To ensure that businesses protect their information, have consistent cohesion departmentally, and follow all governmental regulations, governance, risk, and compliance, (GRC) program is important.
The GDPR has transformed how personal data is collected, shared, and used globally. To ensure GDPR compliance, organizations will need to make changes to policies, processes, and contracts, as well as in technical and organizational measures. In some instances, those changes could be complex and significant.
ISO 27001 Audit
ISO 27001 (ISO/IEC 27001:2013) is the international standard that provides the specification for an information security management system (ISMS).
The Standard is designed to help organisations manage their information security processes in line with international best practice while optimising costs. It is technology and vendor neutral and is applicable to all organisations – irrespective of their size, type or nature.
ISO 27001 emphasises the importance of risk management, which forms the cornerstone of an ISMS.
All ISO 27001 projects evolve around an information security risk assessment – a formal, top management-driven process which provides the basis for a set of controls that help to manage information security risks.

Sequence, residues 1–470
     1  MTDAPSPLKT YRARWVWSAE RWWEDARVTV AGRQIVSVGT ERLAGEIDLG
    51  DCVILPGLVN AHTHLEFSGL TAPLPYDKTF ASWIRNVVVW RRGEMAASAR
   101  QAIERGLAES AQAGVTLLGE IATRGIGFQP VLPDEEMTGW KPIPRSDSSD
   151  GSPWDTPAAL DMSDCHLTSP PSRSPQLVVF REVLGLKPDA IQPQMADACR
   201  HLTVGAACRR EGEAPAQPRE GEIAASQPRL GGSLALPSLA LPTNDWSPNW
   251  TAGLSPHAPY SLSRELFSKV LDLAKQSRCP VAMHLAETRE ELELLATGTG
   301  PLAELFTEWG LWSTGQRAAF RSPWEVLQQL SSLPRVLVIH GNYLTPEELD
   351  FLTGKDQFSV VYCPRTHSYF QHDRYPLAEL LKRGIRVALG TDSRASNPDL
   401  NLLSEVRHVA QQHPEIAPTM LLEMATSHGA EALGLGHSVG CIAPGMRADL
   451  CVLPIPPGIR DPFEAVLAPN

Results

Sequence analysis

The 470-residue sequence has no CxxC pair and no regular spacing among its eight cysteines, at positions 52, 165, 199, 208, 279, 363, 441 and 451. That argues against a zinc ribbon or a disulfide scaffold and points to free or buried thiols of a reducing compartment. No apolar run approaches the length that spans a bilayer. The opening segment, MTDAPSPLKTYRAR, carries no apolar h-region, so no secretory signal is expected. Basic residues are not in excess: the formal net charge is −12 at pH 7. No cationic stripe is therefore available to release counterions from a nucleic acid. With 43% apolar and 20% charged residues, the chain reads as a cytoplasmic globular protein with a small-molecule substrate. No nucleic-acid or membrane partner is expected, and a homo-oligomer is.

By implementing an ISO 27001-compliant ISMS, organisations will be able to secure information in all its forms, increase their resilience to cyber-attacks, adapt to evolving security threats and reduce the costs associated with information security.
Data Leakage Prevention
Data Loss Prevention (DLP) is the practice of detecting and preventing data breaches, exfiltration, or unwanted destruction of sensitive data. Organizations use DLP to protect and secure their data and comply with regulations.
The DLP term refers to defending organizations against both data loss and data leakage prevention. Data loss refers to an event in which important data is lost to the enterprise, such as in a ransomware attack. Data loss prevention focuses on preventing illicit transfer of data outside organizational boundaries.
Organizations typically use DLP to:
Protect Personally Identifiable Information (PII) and comply with relevant regulations
Protect Intellectual Property critical for the organization
Achieve data visibility in large organizations
Secure mobile workforce and enforce security in Bring Your Own Device (BYOD) environments
Secure data on remote cloud systems